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Friday, August 29, 2014 |  Madison, WI: 65.0° F  Overcast
The Daily


A brutal night in Wisconsin as Scott Walker wins the recall election

Tuesday night was a brutal, brutal night for progressives in Wisconsin. I was stuck in a local TV studio watching the dismal returns roll in, and it felt like someone was kicking me in the teeth over and over again. After a historic uprising in February and March of 2011, after months and months of organizing for this recall, when all is said and done, Scott Walker remains governor of Wisconsin. >More
 Shame on Obama for abandoning Wisconsin during the recall

Shame on Barack Obama for forsaking progressive forces in Wisconsin in their hour of need. It was bad enough that Obama or Joe Biden never showed up during the historic protests in February and March of last year. But it is unforgivable that they've failed to show up during the last weeks of this crucial recall campaign. >More
 Defeating Scott Walker would be a blow against corporate greed

What a difference a week makes. The polls showing Gov. Scott Walker six points up on Mayor Tom Barrett and the buzz that the Democratic National Committee had decided not to put money into the Wisconsin recall election cast a pall over Democrats and progressives last week. >More
 Looking for the undecided voter in the Wisconsin recall

Former University of Wisconsin-Madison political science professor Ken Goldstein loves to tell of the time he went out hunting for undecided voters in Wisconsin. It was in the midst of the 2004 presidential election, and a public radio station asked him to talk to voters who couldn't decide between President George W. Bush and Sen. John Kerry. The only problem was, they couldn't find any undecideds. They searched the state far and wide, and virtually everyone had made up their mind. >More
 The Walker recall effort is fueled by the grassroots, not outside money

Like you, I am completely caught up in the Wisconsin recall. And like you, I can't imagine considering any other political battle more important, including the 2012 presidential election. So I was taken aback when Greg Sargent wrote a column in the Washington Post this week headlined "Wisconsin Democrats furious with the DNC for refusing to invest big money in Walker recall." >More
 Walker's millions will have little effect on Barrett in the recall election

As it turned out, the primary itself was no problem at all. The candidates did not attack each other and, in fact, the exercise gave Tom Barrett a higher profile and a chance to test some arguments. It also kept Walker's attack machine at bay. Though he did figure out that Barrett would be the nominee and did run some attack ads against him, it's nothing compared to what might have happened if there had been a clear Democratic nominee from the start. >More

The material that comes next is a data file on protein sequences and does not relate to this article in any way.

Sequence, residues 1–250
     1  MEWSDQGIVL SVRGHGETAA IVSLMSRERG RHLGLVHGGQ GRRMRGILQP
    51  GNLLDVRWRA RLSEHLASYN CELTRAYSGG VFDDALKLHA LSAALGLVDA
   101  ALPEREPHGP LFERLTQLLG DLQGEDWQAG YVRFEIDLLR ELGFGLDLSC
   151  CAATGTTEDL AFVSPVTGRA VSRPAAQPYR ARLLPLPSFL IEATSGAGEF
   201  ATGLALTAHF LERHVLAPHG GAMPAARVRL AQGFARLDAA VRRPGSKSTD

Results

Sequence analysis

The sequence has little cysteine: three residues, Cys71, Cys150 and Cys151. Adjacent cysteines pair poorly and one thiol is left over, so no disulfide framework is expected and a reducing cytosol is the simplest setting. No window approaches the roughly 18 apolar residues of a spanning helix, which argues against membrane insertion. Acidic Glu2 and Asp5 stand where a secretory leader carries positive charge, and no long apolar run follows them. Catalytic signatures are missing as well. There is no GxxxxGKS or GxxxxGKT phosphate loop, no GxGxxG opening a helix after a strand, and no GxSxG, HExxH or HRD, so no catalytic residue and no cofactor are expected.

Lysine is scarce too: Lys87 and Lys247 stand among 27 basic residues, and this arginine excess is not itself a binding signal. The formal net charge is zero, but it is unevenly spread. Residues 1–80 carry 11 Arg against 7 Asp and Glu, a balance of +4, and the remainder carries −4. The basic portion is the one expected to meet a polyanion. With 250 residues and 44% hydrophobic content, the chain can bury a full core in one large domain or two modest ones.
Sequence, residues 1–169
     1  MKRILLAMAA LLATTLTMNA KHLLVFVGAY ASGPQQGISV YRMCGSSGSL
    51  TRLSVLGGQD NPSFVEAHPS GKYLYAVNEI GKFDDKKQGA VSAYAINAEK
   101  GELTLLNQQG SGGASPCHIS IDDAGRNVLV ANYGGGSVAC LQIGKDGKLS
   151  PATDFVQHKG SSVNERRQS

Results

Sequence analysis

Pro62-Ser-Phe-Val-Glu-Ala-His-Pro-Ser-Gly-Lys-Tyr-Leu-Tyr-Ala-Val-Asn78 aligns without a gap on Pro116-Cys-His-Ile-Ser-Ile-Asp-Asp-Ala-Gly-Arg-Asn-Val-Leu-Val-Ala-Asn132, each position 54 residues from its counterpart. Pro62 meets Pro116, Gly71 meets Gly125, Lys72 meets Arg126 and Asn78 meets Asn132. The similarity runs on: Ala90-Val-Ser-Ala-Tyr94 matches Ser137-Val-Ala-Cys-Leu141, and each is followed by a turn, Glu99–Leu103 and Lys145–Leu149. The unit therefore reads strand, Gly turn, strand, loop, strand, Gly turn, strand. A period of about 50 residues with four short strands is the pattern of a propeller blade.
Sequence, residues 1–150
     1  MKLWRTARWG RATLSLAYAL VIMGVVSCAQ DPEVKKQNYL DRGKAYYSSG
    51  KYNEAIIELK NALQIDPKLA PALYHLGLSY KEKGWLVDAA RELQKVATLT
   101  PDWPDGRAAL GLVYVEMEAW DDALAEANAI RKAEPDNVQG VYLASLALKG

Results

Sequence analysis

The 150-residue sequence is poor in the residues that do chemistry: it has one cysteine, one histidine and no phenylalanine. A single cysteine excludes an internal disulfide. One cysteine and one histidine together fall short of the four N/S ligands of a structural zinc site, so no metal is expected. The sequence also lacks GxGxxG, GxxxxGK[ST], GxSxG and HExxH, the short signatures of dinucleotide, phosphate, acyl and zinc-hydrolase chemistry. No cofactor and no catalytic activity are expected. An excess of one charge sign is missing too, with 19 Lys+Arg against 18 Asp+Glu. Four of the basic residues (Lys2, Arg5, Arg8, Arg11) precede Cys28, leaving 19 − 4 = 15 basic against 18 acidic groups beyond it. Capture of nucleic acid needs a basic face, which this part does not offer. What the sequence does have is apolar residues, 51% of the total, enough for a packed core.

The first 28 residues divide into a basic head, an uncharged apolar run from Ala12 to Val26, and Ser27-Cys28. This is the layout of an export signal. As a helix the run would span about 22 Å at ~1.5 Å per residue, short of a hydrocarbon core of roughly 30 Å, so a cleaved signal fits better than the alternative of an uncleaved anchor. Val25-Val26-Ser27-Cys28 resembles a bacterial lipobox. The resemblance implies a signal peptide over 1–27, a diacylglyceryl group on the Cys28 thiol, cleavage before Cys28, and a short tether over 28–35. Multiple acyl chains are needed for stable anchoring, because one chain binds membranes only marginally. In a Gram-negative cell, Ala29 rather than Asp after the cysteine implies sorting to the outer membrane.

GOP won't win the war on women

Ever since Gov. Scott Walker's so-called jobs session in the state Legislature devolved into a prolonged attack on Planned Parenthood -- closing clinics, eliminating funding for routine cancer screenings and making felons of abortion doctors whose patients won't jump through medically unnecessary hoops -- our state has been on the leading edge of the national Republican anti-woman attack. >More
 Eric Hovde is the latest outsider with a shot at a Wisconsin Senate seat

In April 2010, Ron Johnson was a relatively obscure Oshkosh businessman, but seven months later he defeated Russ Feingold and became Wisconsin's junior senator. Will lightning strike twice, with another renegade outsider winning the state's remaining Senate seat in 2012? Since the outsider in question is Eric Hovde, there's a good chance the answer will be yes. >More
 Walker's lying ads: The governor slimes his recall opponents on jobs and taxes

We knew it was coming. The negative TV ads have begun -- and we're not even done with the recall primaries yet. Spending some of the millions he's been collecting from out of state, Gov. Scott Walker decided to take on two of his possible Democratic challengers at once, rather than waiting to see who wins the May 8 election. >More
 How to win a recall election

It's all about the 4.1%. Any Democrat running against Scott Walker in the recall election will get about 46% of the vote by virtue of the fact that they're not him. And the governor will get 46% on the other side because he is who he is. So the question for the Democrats is: Who can win a majority of the 8% or so of Wisconsin voters who are up for grabs? >More
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